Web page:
2015. február 11., szerda

Vintage Stomboxes

Vintage Stompboxes. You are wellcome to my page, Gitarvilagok.com from Hungary. First, please, say something about you?

Hello Udy, thank you. My name is Emanuele, owner of Vintage Stompboxes, a community of enthusiasts for effects pedals. Our network, active mainly on Facebook, Twitter and Youtube, tries to give information, videos, reviews and select the most interesting auctions and ads on the web, especially on eBay and http://reverb.com, about vintage effects pedals and similar stuff. I am a collector and expert on vintage musical effects, and talking about them with many friends, musicians and collectors, and also via the web forum of aficionados, I thought it would be great to publish this space trying to be helpful. You can find us on:

Could you explain two expression? I would like to see clearly, what does "vintage" and "stompbox" mean?

“Vintage” derives from Latin “vindemia”, and his meaning stood for high quality wine, identified as to year and vineyard or district of origin. Today is also usually used for old, classic, enduring appeal stuff, like clothing, musical instruments, etc. So it’s the right word for us! Stompbox is a simple percussion instrument consisting of a small wooden box placed under the foot, which is tapped or stamped on rhythmically to produce a sound similar to that of a bass drum… but this word is used for guitar effect unit which can be controlled with the foot, and today is an effect pedal synonym. So Vintage Stompboxes seems to be cool for us…

Every player is looking for the sound! What is the first step what you suggest them?

It’s not simple to find your sound: there are many things that makes the tone, so first I suggest to find a good feeling with guitar directly plugged to the amp. Then, it’s great to add some pedal effect to build your favorite tone: I suggest to use good quality cables too. It’s important to “feel” the sound under your fingers and try to play with different settings, alone and with the band.

I would like to build my "train of guitar effects". How can I start this work?

I suggest to start trying to play the pedals more able to replicate the sound that you have in mind, using every setting. It’s often useful to look for info on the web, on youtube and on the gear forums, but the most important thing is to play them, especially with your personal gear. About boost and overdrive, it is very important to feel them in the fingers, playing them “live”. About fuzz, I suggest to start with big muff and fuzz face, to try to understand their characteristics and peculiarities; they are more easy than tone benders to begin to know all kind of fuzz, Big Muff is a “bassy” wall of sound but a great lead sound (Ernie Isley, David Gilmour, The Smashing Pumpkins, Mogwai, etc.), fuzz faces are more controllable with guitar volume knob (Jimi Hendrix, …). There are a lot of Tone Benders versions, but starting with an MKIII or an MKII version (Jimmy Page sound) would be great: then, after a little learning, try an MKI version.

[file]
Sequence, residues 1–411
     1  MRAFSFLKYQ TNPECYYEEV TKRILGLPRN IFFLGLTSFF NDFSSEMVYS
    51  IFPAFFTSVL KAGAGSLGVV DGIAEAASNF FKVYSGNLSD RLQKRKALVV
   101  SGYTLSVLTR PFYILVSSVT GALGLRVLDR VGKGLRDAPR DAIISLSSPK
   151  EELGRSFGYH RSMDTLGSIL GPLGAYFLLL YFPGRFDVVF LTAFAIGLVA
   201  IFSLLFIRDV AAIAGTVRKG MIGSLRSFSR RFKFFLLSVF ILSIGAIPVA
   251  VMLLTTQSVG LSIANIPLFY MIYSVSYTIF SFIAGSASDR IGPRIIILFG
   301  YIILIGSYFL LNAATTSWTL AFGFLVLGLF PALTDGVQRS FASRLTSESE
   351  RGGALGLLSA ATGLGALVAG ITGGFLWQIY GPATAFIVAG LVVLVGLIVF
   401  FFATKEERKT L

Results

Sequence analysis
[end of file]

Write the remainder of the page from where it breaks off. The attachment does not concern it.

About modulations, there are infinite possibilities, but I suggest to start with classic analog sounds (phaser, flanger, chorus, delay, reverb) and, after that, it would be nice to try to experience with digital effects and other great products. Very useful are compressors, especially for soloing or arpeggio. Filters (parametric or envelope) are great for funky and for some weird sound. Do not forget, if you have several true bypass pedals, to have a good buffer in your chain, to prevent signal loss.

Are there any boxes what you take next to the amps expressly?

The bigger, and best, in my honest opinion, box I use next to the amp is my Binson Echorec B2. It’s a fantastic machine, I love it.

Finally, which sompboxes are the good ones?

It’s a difficult and a personal/subjective question: your ears will decide it! Anyway, I love the Klon Centaur tone (great clones included), and in my pedalboard I need delay and reverb (Strymon Blue Sky and Dr. Scientist Radical Red Reverberator are currently my favorite reverb pedals). I love the fuzz effect, and I suggest to try all the different circuit (Big Muff, Fuzz Face and all the Tone Benders). My favorite fuzz is the Elka Dizzy Tone, an original Buzzaround circuit produced in Italy in the ‘60s. Another amazing pedal in my honest opinion is a germanium preamp/overdrive called D*A*M Grease Box.Enjoy, good music to everyone and all the best!

Thank you Emanuele!

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